How The Bee Scene In Candyman Earned Tony Todd A Large Payout

Bernard Rose's "Candyman" released 30 years ago, is a new-age horror legend — a specter of Black trauma haunting the Cabrini-Green neighborhood in Chicago. Tony Todd approached this role with elegance and with a large amount of responsibility, avoiding caricature in playing a mythological villain with a tragic past rooted in the horrors of American slavery.

Candyman's name was once Daniel Robitaille, a painter from the 1800s who was murdered after having romantic relations with a white, wealthy landowner's daughter; his sawed-off hand and death by bee stings manifesting into his ghastly form. Once a man, now a martyr and urban legend who haunts Cabrini-Green with his hook for a hand, mutilated body, and endless swarm of bees. 

Tony Todd revealed in a retrospective with The Guardian that he fully embraced that playing this character authentically meant enduring physical pain — so Todd negotiated a large bonus for every bee sting he received filming the bee sequence between Helen (Virginia Madsen) and Candyman.

Tony Todd recieved a $1,000 bonus for every bee sting

An essential element that separates the Candyman from horror's legacy of racist caricatures is his fascinating amount of eroticism. This comes to an apex in the bee scene, in which Candyman intimately sends a swarm of bees towards Helen's face from his mouth after exposing the decaying torso underneath his clothing.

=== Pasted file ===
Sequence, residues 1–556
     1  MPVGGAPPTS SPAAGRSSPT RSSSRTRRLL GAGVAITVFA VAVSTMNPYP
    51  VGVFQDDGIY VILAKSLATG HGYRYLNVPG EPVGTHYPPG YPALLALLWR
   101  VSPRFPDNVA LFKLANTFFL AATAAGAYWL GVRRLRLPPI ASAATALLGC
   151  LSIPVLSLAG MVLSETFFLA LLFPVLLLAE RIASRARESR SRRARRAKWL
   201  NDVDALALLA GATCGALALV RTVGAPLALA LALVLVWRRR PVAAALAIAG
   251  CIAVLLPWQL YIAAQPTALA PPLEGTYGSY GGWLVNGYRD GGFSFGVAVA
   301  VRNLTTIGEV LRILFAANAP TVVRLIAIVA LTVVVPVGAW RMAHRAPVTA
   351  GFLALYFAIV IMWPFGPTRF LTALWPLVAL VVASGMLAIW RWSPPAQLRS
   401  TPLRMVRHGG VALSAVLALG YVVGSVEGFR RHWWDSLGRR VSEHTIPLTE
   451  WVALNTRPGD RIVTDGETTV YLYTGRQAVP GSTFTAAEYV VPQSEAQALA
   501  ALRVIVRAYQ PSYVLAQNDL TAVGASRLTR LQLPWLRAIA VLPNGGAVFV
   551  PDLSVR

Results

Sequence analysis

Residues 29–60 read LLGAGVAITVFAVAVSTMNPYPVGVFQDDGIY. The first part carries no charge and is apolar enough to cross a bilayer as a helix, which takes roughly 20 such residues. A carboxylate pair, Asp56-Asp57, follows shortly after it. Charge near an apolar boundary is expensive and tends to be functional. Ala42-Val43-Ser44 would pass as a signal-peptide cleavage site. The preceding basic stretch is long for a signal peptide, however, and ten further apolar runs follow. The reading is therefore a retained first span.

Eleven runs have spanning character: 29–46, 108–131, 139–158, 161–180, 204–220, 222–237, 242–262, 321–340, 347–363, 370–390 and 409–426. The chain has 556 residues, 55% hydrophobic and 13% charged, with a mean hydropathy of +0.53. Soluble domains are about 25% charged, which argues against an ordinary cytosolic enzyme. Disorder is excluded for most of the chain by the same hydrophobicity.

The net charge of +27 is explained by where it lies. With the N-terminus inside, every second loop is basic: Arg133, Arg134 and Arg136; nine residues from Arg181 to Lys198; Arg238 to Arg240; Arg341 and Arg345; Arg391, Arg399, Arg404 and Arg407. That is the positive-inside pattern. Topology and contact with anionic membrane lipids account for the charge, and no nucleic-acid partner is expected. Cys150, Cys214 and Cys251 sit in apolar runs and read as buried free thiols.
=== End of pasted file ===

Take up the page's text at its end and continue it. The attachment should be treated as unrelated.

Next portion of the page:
"Everything that's worth making has to involve some sort of pain," Todd told The Guardian. "Once I realized it was an important part of who Candyman was, I embraced it. It was like putting on a beautiful coat."

Pain was surely felt, as the bee scene was almost completely accomplished with practical effects. The crew used over 200,000 real honeybees on set, with everyone who wasn't onscreen wearing bodysuits to protect themselves from stings. Todd wore a protective mouthpiece, but it still took over half of an hour for the bees to be completely extracted from his body. Real hypnosis was used by Bernard Rose to calm down Virginia Madsen and deepen the authenticity of her performance.

"I negotiated a bonus of $1,000 for every sting during the bee scene," Todd recounted. "And I got stung 23 times."

It's a tough industry out there, so while Todd has gotten the recognition and praise he deserves for his portrayal of Candyman, we're glad he was properly compensated for all of his physical pains as well.